Shortly after, her heart stopped one last time and that was it. My baby was gone. I asked the doctors not to put her through anymore. They wrapped her in blankets and then I went and I held her and rocked her for a time. I remember the room being very quiet. I remember the other parents in the room with their children looking at me, no doubt silently praying they would not have to hold their dead child. I remember kissing her and telling her how much I love her. I remember the nurse coming to take her and thinking at that moment how much I hated that woman because she wanted to take my daughter away from me. I remember having this completely irrational thought that if I bolted and ran with Sydni somehow things would change and she’d be alive again. But I had to let go. I had no choice.
Another note here: if any of you think of judging me for asking the doctors to not put her through any more, don’t. I don’t want to hear that either.
Decisions and questions did not end that day. The doctors were completely baffled and still had no idea what had caused Sydni’s illness. The only thing they did know was her spleen had basically stopped functioning but could find no reason for it so I was asked permission for an autopsy. It was like a slap in the face. I immediately said NO. I had just lost my child and I would be damned if I’d let anyone cut on her. Now, at this point, I’m not sure who but someone called a friend from the university who was the campus psychiatrist. I knew her, had sessions with her in the past and it very well could’ve been me that called her for help. I just have no recollection. But she came and she sat with me and talked with me for quite a while about the autopsy. She helped me understand that this was a necessary evil…if the doctors could deduce from the autopsy what had made Sydni so sick then it might go a long way to helping other kids. I was naturally resistant at first because at that time I couldn’t have cared less about other kids, but in the end, I relented. My only condition was that the cuts could not be visible and at no time did I want to see them. The doctors promised me I wouldn’t and so it went. The autopsy was done. It was a few days after Sydni’s funeral that I learned they’d still discovered nothing to determine why she died.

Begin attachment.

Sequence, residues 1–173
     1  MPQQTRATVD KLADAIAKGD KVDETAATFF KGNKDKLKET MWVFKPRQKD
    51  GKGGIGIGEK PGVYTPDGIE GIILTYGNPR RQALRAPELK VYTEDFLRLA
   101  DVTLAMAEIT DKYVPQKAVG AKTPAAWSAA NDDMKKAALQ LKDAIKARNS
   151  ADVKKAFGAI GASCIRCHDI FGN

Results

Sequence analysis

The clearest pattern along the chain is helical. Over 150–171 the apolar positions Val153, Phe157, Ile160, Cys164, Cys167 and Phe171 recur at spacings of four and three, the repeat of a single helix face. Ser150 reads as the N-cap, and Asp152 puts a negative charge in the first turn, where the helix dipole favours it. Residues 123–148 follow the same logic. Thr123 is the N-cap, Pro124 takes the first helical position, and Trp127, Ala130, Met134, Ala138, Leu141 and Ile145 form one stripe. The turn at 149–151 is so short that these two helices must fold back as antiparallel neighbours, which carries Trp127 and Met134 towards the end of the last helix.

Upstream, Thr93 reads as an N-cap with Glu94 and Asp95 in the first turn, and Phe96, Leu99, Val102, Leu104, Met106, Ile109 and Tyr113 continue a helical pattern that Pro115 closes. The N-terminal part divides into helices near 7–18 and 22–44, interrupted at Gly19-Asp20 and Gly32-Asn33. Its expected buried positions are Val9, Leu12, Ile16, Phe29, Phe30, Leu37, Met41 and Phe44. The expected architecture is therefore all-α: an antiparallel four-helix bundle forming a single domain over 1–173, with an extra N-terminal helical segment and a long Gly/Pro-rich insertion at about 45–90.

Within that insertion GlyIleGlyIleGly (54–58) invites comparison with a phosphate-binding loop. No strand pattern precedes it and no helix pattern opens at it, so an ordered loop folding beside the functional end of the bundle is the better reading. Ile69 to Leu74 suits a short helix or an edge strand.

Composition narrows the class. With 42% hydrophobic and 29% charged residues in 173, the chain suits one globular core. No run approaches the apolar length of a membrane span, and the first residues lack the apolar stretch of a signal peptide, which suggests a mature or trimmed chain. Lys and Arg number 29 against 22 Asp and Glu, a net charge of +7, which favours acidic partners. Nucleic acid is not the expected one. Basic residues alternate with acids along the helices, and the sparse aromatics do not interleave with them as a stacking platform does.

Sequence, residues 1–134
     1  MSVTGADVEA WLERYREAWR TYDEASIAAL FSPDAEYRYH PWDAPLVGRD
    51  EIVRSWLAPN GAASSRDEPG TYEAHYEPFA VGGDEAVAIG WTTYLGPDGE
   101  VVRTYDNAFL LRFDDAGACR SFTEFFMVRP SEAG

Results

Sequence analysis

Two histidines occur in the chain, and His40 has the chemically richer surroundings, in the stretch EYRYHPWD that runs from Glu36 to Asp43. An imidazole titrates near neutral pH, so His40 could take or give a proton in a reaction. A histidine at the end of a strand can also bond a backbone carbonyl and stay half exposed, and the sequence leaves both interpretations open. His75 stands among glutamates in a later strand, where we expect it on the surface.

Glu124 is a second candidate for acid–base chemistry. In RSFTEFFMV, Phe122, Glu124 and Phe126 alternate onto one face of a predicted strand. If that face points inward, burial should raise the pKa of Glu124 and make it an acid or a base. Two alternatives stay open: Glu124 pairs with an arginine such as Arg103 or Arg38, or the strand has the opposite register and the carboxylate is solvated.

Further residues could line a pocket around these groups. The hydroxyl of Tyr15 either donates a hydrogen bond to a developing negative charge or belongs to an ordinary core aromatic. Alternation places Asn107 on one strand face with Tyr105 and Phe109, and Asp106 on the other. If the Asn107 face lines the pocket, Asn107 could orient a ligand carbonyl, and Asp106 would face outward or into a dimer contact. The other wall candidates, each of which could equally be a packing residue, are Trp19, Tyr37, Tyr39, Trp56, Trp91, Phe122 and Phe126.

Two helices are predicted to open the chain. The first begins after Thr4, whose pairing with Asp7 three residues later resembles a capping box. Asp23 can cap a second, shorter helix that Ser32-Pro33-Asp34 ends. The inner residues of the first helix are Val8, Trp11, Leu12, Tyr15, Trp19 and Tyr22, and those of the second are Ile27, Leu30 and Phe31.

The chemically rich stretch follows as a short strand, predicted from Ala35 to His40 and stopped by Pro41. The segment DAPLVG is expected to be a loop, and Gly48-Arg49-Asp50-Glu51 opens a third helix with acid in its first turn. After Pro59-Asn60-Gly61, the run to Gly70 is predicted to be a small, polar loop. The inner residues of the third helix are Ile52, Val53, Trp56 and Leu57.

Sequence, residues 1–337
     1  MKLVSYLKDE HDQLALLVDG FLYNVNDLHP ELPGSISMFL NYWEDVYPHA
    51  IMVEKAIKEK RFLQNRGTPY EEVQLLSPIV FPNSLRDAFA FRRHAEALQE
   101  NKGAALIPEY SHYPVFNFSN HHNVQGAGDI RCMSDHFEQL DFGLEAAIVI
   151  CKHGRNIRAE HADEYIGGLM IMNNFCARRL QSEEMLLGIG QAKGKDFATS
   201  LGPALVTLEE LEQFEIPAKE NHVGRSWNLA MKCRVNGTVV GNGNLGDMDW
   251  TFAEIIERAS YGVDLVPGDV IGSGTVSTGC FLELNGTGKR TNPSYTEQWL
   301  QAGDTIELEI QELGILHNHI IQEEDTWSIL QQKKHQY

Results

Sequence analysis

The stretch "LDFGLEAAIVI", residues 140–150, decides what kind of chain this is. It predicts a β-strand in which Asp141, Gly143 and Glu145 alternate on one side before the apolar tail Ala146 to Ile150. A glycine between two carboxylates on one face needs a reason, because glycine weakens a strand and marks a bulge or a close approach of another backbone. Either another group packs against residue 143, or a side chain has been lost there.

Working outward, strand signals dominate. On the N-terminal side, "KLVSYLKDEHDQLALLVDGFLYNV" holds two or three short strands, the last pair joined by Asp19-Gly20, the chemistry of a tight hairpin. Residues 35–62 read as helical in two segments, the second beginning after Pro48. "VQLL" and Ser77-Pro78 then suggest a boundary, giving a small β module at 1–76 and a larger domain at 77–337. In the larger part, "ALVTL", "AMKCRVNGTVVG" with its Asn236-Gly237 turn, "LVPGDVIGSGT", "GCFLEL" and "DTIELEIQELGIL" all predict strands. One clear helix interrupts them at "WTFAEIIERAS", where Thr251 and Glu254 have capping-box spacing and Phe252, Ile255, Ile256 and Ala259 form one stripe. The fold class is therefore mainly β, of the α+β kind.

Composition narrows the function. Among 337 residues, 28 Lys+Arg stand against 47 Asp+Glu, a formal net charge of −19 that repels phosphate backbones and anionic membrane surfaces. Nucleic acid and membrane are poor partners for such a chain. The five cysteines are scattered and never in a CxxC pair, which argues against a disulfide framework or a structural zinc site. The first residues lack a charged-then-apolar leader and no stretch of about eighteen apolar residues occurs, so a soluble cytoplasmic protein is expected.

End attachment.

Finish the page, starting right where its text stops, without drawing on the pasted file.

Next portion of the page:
I did not plan her funeral. I did go to the funeral home. I was present in body but it was mostly like I was sitting outside myself looking in. It didn’t seem real and I was unable to help. Stepmom and Daddy took care of the arrangements. I know Stepmom bought the gown Sydni was buried in…it was white with lace and so pretty. I remember the funeral home being packed wall to wall with people during visitation. Oh, here is where I should mention again the wife of the man who was Sydni’s biological father. She showed up during visitation. In fact, she showed up at the hospital before Sydni died. At the hospital I did not care whether she was there or not but when she showed up at visitation it flew all over me. I remember saying to my best friend “Get that bitch out of here before I kill her.” Needless to say, Best Friend handled it and the woman was gone. I never saw her again. At the funeral it seemed there were even more people in attendance. I can remember being shocked at how many people had shown up. I remember standing at Sydni’s coffin with Best Friend, talking although I can not tell you what we said, but we did put some things in the coffin – a note, a stuffed animal. There was a point, when I was walking down the aisle of the chapel, that I almost passed out and Stepmom had to catch me to keep me from falling. It was a surreal experience. I know all of those people were there but I never really saw their faces.
Sydni was to be buried with the Summerlins in Sandersville, Georgia. Daddy has arranged for limos to take us to the cemetery. My ex husband, of all people, stayed with me that entire day along with Best Friend and my parents, of course. If anyone else was there with us I do not remember. Another surreal experience. Unfortunately, I have no real memories to share here because they escape me and again I will not try to bring them back. The entire day is a haze and I’d prefer to keep it that way. Her headstone has a lamb on it.